One of the questions from The 4-Hour Work Week (note: there’s still some time left to participate and win a copy of the book) that really struck out was –
What is the pot of gold that justifies spending the best years of your life hoping for happiness in the last?
DÃ©jÃ vu, because, a few months back, I had asked pretty much the same question when writing about the fallacy of traditional retirement calculations and had then followed-up on that post with this exceptional art of finance sketch by D –
I stand by all of those questions that I asked back then (in fact my conviction in them has only grown stronger). And then to add –
- This problem is further compounded by the fact that the media is often plastered with ads (such as the one below) for traditional retirement that lure you towards that hypothetical pot of gold that magically appears out of thin air and falls into your hands the moment you turn sixty. But in a twist of fate, you then realize that due to some weird and arbitrary commuting (withdrawal) laws and fractions and compulsory annuity for the remaining fractions things don’t really add up to that pot of gold.
- I haven’t invested even a rupee this far in any of those multi-decade pension (deferred-life?) plans and I don’t have any plans whatsoever to do so in future. Not even in the New Pension Scheme (which given the way things stand today could very well turn out into a No Pension Scheme).
- Early retirement to me means voluntary paid/unpaid work be it of my own industry or for someone else (if you look around there’s an incredible amount of that available) and certainly NOT NO WORK or WORK FOR WORK’S SAKE (W4W as coined in the book)!
Finally, here’s another point from the book to ponder over –
[Traditional] Retirement as a goal or final redemption is flawed because most people will never be able to retire and maintain even a hotdogs-for-dinner standard of living. Even one million is chump change in a world where traditional retirement could span 30 years and inflation lowers your purchasing power 2 — 4% per year. The math doesn’t work. The golden years become lower-middle-class life revisited. That’s a bittersweet ending.
A commentary of thoughts running in my head…
I asked D to create a sketch as a follow-up to my post on The Fallacy of Traditional Retirement Calculations.
She created magic!
Sketch © D.
And here’s the complete set of responses that I received for the December book giveaway contest. I’ll announce the winner tomorrow.
Meanwhile, can you guess the winner?
The more I read about retirement calculations in leading personal finance publications, the greater is my conviction that there is something fundamentally wrong with their methodology. Depending upon the particular case in hand (i.e. family being studied), I’ve seen figures of 4.5 crore, 6 crore, 7.2 crore, … , and recently even 14 crore thrown around. Big fancy numbers thrown up in the air but all backed by solid assumptions and mathematical equations.
Here’s a typical example:
- Current monthly expense = 30,000
- Current annual expense = 30,000 * 12 + a 10% buffer = 400,000
- Assumed average inflation = 6%
- Estimated annual expense during retirement = 400,000 * (1 + 6%) ^ 30 = 2,300,000
- Assumed rate of return during retirement = 8%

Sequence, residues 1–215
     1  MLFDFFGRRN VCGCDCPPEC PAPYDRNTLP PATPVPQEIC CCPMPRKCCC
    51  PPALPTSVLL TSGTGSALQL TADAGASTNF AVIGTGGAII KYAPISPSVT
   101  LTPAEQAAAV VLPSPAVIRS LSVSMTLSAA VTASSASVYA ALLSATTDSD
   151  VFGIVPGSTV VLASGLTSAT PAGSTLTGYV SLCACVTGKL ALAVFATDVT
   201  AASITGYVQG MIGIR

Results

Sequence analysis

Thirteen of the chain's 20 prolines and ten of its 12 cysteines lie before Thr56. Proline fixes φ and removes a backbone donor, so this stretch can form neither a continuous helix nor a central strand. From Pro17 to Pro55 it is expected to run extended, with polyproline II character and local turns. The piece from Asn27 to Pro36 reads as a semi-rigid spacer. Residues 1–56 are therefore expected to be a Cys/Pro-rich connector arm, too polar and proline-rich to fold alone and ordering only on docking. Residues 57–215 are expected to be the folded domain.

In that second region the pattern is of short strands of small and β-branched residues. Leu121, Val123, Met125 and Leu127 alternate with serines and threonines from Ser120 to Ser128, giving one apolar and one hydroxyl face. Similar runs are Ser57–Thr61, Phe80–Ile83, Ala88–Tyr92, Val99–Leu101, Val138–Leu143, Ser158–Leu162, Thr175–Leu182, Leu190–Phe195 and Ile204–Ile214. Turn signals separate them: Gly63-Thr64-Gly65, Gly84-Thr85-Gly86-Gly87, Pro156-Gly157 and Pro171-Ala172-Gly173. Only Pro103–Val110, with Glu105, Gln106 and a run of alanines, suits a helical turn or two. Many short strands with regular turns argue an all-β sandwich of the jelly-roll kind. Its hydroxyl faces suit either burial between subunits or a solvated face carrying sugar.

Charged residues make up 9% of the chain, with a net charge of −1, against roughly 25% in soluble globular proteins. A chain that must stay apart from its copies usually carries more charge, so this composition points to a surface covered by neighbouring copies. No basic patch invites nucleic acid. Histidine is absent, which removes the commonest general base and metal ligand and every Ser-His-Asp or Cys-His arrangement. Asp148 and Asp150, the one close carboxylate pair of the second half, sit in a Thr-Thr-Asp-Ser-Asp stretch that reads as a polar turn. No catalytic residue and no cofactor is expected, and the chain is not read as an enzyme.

- Corpus required = 2,300,000 / 8% = 3 crore
Each such illustration leaves me wondering because,
- Most of us never see more than a few lacs in our hand in the first one-third of our lives. Yet we dream about a big magic stash of crores waiting for us right at the end of the second one-third of our lives.
- Have these experts/advisers who cook up such magic numbers out of nowhere personally amassed such a big stash using the same investment strategies that they now ask you to follow? My solid guess is that they too have seen just a few lacs here and there just like the rest of us.
- There are no intermediate milestones. So, for example, you start with 0 when you’re 30 and end with the stash when you’re 60.
- Inflation is always the shark. Equity SIPs are always the harpoon.
- 30-years of waiting? For what? Give me a break!
I personally believe that ERE is way better a strategy. You don’t need to wait for 30-years. You don’t need a magic stash. You see big progress each month. It’s honestly motivating. I know because that’s what I strive for each day.
Don’t believe those traditional retirement calculations. There is a better way.
What do you think?
I first read about this pension plan in the ET dated June 22, 2010. I was intrigued. Basically, Reliance Life Traditional Golden Years Plan is a regular premium retirement plan that provides guaranteed return, which is declared at the beginning of every financial year during the product term. So far so good. But,
The minimum guaranteed accumulation rate [in other words, the return] will not be less than the savings bank deposit interest rate, as declared by the Reserve Bank of India.
WTF, mate? What kind of guarantee is this?
Next, I ran the numbers through this calculator — assumptions were 35 years policy/premium paying term and a monthly premium of Rs 6,000. Over a period of 35 years, you pay a whopping 6% of your total premium as Premium Allocation Fees and Policy Administration Fees. To further add insult to your injury, you also pay around 1.2% of the accumulated value at the end of each year as Account Administration Fees.
A guaranteed tension plan in my opinion.
Over a period of 35 years, you’d do FAR FAR FAR BETTER simply by saving the same Rs 6,000 each month in a Public Provident Fund account.
What do you think?